Farming and meat trade organisations have expressed their dismay at government plans to tighten live animal transport rules and ban live exports other than for breeding purposes.
Responding to a government consultation, the NFU said it would have a significant impact on the livestock and poultry sectors, while failing to deliver any meaningful benefit in terms of animal welfare.
The consultation, which closes on Thursday (25 February), has proposed a reduction in maximum journey times for each species and a ban on all movements when outside temperatures fall below 5C or rise above 30C (or 25C in the case of poultry).
But the NFU said that, in order to ensure the best possible welfare outcomes, the main priorities should be the animal’s fitness to travel, loading and unloading, and driver training, rather than the length of journey or the external temperature.
“The suggested changes to journeys based on duration and weather conditions would cause serious delays and disruption, potentially damaging welfare outcomes,” said NFU deputy president Stuart Roberts. “And changes to vehicle requirements would add significant costs and lead to many more journeys being made, increasing greenhouse gas emissions.”
The NFU estimates that imposing the temperature restrictions would result in 56 days of lost trade each winter.
It is also strongly opposed to the inclusion of time spent in an auction mart or collection centre when calculating journey times.
And when it comes to live exports, the NFU suggests Defra should give greater consideration to its proposed assurance scheme which would deliver welfare outcomes while maintaining trade.
Other organisations have similar reservations. The Farmers Union of Wales (FUW) said a ban on live exports would be “discriminatory” and was hypocritical when the government was looking to secure free-trade deals with countries with far lower animal welfare standards.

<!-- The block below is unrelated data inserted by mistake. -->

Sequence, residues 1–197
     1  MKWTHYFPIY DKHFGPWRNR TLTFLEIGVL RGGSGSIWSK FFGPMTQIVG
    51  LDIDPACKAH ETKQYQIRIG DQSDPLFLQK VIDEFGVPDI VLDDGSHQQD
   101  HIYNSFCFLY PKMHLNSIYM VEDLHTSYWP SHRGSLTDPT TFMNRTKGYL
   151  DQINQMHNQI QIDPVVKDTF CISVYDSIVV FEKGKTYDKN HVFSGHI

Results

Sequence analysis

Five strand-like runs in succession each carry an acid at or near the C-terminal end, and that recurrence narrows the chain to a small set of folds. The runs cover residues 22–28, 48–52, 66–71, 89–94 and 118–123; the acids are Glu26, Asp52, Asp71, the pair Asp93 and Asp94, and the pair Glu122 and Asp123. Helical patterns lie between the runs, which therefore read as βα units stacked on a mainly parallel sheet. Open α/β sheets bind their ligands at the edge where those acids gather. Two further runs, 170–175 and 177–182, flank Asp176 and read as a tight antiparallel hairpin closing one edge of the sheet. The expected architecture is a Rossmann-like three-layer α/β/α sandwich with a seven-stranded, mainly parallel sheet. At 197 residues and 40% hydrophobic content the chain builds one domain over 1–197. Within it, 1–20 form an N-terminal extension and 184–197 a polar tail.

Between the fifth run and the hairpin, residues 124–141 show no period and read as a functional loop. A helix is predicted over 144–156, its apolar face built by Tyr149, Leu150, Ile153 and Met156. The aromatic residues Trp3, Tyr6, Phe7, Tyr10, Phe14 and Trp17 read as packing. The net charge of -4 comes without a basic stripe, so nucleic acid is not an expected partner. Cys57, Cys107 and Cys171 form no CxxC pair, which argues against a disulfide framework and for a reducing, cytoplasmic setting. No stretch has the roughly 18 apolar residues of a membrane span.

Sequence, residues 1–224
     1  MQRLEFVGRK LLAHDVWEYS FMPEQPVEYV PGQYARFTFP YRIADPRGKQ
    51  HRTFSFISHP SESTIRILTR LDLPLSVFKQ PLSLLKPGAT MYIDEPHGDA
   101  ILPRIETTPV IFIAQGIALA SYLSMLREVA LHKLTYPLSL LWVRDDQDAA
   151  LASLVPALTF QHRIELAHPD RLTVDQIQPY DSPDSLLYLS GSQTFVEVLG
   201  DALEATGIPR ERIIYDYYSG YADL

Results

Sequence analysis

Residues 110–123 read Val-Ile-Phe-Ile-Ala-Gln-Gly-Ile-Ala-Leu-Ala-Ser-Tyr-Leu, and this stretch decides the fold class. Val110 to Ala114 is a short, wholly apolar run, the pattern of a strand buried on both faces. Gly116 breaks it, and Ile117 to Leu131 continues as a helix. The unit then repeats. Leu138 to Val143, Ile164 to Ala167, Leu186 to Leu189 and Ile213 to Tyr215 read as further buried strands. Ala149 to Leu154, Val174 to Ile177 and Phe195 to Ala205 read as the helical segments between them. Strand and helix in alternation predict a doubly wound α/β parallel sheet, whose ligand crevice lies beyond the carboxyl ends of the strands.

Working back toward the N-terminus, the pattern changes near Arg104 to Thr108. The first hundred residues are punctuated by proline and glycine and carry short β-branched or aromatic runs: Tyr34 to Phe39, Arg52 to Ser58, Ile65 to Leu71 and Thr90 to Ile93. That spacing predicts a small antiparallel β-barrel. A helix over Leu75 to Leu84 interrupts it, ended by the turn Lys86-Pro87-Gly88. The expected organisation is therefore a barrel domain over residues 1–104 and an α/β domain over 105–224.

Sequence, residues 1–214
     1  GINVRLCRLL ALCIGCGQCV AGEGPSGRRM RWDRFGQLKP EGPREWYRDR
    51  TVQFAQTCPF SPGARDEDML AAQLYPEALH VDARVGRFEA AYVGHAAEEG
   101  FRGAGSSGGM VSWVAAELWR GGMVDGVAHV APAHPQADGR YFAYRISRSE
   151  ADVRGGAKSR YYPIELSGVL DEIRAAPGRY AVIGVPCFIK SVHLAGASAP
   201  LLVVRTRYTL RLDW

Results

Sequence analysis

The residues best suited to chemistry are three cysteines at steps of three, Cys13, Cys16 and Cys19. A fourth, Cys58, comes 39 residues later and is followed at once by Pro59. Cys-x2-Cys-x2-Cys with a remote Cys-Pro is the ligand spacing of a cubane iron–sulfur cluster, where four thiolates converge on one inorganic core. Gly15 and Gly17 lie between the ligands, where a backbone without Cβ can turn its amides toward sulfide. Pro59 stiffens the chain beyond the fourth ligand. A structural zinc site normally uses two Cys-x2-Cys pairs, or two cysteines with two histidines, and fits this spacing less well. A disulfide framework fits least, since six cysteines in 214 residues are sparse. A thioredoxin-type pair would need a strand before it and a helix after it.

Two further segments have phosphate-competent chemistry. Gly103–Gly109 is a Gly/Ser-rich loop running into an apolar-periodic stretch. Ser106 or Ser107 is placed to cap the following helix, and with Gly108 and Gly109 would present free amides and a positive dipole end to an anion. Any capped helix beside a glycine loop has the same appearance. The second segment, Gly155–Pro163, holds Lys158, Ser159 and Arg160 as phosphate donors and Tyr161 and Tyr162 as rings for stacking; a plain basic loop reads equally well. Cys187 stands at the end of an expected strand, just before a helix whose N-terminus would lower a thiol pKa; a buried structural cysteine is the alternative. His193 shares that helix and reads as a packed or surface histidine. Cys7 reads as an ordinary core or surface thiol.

FUW livestock chairman Morgan Jones-Parry also pointed to comments made by Defra minister George Eustice at this week’s NFU Live conference which implied that sheep, cattle and pigs could be excluded from the temperature range measures.
“If that’s the case, why is it in the consultation?” he asked. “Is it there to divert attention away from a proposal to place restrictions on live exports that will not be in place for the people we have trade deals with? Or is it that the authors are disconnected with the reality of outside weather conditions in England and Wales?”
The pan-industry Scottish Red Meat Resilience Group (which includes representatives from Quality Meat Scotland, NFU Scotland, the Scottish Beef Association and the National Sheep Association of Scotland) has warned of a “devastating impact on Scotland’s red meat supply chain”.
Group chairwoman Kate Rowell said: “More than half of the sheep and pigs born in Scotland are slaughtered outside the country each year,”
“Regarding beef cattle, Scotland’s abattoirs tend to specialise in processing prime cattle, resulting in a significant proportion of the cows being slaughtered elsewhere in Britain.
“In 2019, more than 42% of the female cattle aged over 30 months which had been born in Scotland and went to slaughter were processed in England and Wales.”
The trade in store livestock was a vital component of Scotland’s traditional farming systems, she added, and Defra’s plans, and those contained in a separate Scottish consultation, would put much of this in jeopardy.
More small abattoirs
The Sustainable Food Trust (SFT), however, has welcomed the phasing out of live exports. Its head of communications, Megan Perry, said shipping meat on the hook rather than on the hoof would improve welfare, reduce fossil fuel use and create jobs.
“We also feel the government should work with the devolved administrations to reduce live transport involving long sea journeys from smaller British islands to mainland UK, through the provision of more local abattoirs,” she added.
The SFT agrees that the proposed journey times of up to 18 hours for pigs and 21 hours for sheep and cattle might be acceptable for breeding animals, but were “far too long for journeys to slaughter”.
“The government has led people to believe that it supports the slaughtering of animals as close to the point of production as possible. The British public would not expect this to mean journeys of anything like the times proposed,” said Ms Perry.